Of the 774 wholesalers that tested flower in the 6 months ending May 2017, 563 farms (Trail Blazin’ included) did not use PEAK at all for any of those tests. During that same period, 112 wholesalers used PEAK for 95% or more of their flower tests.

        When one limits it to the 10 farms doing the most flower testing during this time, 5 did not use PEAK at all and only 1 used PEAK more than 95% of the time.

  4. Concerned citizen says:

    You’re an asshole

    • Jim MacRae says:

      I normally block comments such as yours, but I’m in a mood today and I expect that most readers of this site are over 21.

      Besides, your name makes you seem patriotic and I very much appreciate true Patriots.

      While you are correct that I possess an asshole*, I prefer to think of myself as the being that surrounds and nourishes that precious portal.
      I may be wrong. Self-image is rarely objective. Regardless, I appreciate your opinion.

      Thank-you for your efficiently-delivered observation. It reflects a meticulousness, compulsiveness, and rigidity that almost reminds me of something that Freud once described.

      *Please note that I BELIEVE I still have an asshole. I am no longer flexible enough to either look it in the eye or to kiss it goodnight.

  5. Joshua C WEINEL says:

    Thank you Jim, You have inspired me. -I would love to pick your brain about some things. (I don’t want to shed much light on the guy who takes one to know one) but as a concerned citizen myself, I would like to pursue a movement for other products on the market to be tested. I’m sure we will meet one day and discuss this further. Keep up the good work! 🙂

    • Jim MacRae says:

      I will try, Joshua.


      I will be at Hempfest all three days this year, in case you want to meet.
      I am speaking twice on Friday, once on Saturday, and am on two panels on Sunday.

  6. Shawn D. Wagenseller says:

    Jim – based upon the fact that cannabis was not commonly tested until regulations came into force and the WA growers were supplying patients untested product for decades with no report of negative health issues, it seems a gross overstatement to say “WILL harm and will very likely kill some of the consumers” if the Peak tested product is not pulled from shelves. This appears to me to be fear mongering.
    Keep in mind the product we have shared in the past from our garden were grown and cured by the same methods that we still use and now have tested by Peak. To insinuate that our products are unsafe and should be pulled from shelves just because we use Peak to test is not right, IMO.

    • Jim MacRae says:

      Thank-you, Shawn.
      I am not implying that any individual farm’s products are unsafe (or have higher-than-expected potency, for that matter).

      What I am suggesting (and something I’m pretty darn sure of) is that PEAK, in testing product, failed to adequately assess the levels of two of the microbiological nasties that are not allowed to pass defined thresholds if they are to be put on the market.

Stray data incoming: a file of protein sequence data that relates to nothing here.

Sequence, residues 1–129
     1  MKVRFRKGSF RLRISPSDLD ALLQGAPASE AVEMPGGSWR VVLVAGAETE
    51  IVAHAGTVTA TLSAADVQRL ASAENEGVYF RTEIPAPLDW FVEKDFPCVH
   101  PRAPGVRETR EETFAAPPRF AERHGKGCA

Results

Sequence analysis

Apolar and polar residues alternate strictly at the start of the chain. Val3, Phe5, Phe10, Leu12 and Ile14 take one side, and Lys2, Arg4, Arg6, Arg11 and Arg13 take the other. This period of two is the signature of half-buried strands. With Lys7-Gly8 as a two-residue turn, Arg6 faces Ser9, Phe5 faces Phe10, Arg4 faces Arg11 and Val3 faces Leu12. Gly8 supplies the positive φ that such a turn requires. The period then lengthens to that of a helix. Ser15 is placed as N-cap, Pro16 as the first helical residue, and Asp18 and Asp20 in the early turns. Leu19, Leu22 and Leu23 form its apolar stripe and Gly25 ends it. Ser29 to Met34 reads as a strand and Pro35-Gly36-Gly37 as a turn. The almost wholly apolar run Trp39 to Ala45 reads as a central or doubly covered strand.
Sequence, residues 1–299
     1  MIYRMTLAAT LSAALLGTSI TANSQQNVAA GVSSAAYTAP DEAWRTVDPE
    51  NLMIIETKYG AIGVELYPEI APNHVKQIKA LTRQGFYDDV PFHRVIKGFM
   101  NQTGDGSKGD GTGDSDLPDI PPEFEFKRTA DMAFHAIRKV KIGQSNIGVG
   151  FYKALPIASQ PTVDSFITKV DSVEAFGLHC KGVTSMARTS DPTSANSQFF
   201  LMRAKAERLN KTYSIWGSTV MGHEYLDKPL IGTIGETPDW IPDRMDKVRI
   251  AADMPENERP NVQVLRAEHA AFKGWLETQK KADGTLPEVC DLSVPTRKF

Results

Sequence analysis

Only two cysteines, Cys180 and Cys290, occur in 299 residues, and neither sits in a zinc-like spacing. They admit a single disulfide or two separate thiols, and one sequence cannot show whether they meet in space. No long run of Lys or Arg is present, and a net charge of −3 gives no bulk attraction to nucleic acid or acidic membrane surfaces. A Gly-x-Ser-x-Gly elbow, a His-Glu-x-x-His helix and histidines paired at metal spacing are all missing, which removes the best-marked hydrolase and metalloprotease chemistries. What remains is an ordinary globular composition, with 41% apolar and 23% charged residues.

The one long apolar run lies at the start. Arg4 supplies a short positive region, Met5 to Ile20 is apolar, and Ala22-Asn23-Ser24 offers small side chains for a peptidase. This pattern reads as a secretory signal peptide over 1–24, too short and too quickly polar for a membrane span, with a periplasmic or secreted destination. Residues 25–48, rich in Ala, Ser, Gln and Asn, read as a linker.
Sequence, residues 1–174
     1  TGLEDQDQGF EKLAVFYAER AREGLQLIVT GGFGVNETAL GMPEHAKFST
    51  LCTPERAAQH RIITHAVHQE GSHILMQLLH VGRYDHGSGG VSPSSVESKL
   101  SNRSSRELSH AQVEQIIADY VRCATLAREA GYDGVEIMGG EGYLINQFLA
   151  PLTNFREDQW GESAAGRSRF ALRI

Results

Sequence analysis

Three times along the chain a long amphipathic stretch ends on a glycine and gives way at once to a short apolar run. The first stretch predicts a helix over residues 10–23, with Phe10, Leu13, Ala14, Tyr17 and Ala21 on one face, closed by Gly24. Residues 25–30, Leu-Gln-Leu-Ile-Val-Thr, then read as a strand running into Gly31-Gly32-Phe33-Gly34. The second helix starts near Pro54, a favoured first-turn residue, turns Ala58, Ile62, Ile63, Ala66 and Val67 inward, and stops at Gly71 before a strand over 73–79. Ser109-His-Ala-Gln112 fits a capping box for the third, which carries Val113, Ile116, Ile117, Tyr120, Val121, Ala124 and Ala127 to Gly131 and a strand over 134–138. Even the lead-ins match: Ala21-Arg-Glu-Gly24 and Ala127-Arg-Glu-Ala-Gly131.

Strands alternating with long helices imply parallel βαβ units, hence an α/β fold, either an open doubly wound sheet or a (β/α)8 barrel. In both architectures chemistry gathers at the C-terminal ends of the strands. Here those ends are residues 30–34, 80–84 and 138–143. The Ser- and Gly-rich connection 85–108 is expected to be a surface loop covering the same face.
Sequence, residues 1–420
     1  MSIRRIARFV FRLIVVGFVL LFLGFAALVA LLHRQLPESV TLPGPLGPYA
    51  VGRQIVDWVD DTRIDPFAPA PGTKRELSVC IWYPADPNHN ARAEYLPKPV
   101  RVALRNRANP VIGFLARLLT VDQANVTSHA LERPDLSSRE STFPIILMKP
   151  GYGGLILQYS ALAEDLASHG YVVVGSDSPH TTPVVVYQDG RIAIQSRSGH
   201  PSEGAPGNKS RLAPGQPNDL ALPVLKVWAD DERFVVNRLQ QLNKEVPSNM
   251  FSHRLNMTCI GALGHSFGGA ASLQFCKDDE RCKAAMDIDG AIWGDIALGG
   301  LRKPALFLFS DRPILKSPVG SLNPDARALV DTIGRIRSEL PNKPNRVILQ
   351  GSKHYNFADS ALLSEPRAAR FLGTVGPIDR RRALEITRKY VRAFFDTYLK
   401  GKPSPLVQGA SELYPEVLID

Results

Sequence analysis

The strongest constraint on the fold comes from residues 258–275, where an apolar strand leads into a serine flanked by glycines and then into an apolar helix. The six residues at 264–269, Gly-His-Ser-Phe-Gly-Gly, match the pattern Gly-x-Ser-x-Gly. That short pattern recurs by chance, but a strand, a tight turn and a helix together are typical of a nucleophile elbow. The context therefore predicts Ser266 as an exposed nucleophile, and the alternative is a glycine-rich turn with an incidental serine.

Actually, I’m not suggesting it —- that was the conclusion of the auditors (3rd bullet from the bottom, on page 2).

      I have spent most of the past 48 hours (while not engaged in a somewhat juvenile FB chat with Eastern Europe) working on updating the approximate estimates I used in my communication to the LCB on Friday with ones based on the updated traceability data.

      The parameters needed for the updated estimates are almost complete … and I’ll be posting them in a follow-up note to the LCB that will let them know how many people have likely been exposed to “tainted” product tested by PEAK.

      The core assumption of this analysis (for those who wish to offer critical assessments of my methodology) is that PEAK’s failure rates for the two classes of microbiologicals should have been equal to those displayed, on average, by the other 17 labs that were operating during the 3 months ending in May. Statistically (on average) that is a strong assumption. For any given farm, it may apply or it may not.

      Across ALL farms that test with PEAK, it likely does apply (on average). That is one of the reasons that I will be identifying outlier Retail Access Points initially, and not farms or processors.

      I will re-define my terms and will re-articulate my method for estimating exposure (in as few words as possible) when I write that post.

      It will be posted today or tomorrow.

      I also plan to write a note to all retailers in the State (I may miss some of the newly opened or recently-changed-ownership stores, so I’d sure appreciate it if anyone that shares my concern lets the stores they deal with that there is a product quality/safety issue with PEAK-tested product.

      In my experience, Shawn …. there ain’t nothing wrong with Washington Bud Company product.
      Except that the lab that has tested some of it (and, as you know, it is only some of it) has been found unable to accurately assess 2 of the 5 panels required on the microbiological screens.

  7. Eddie says: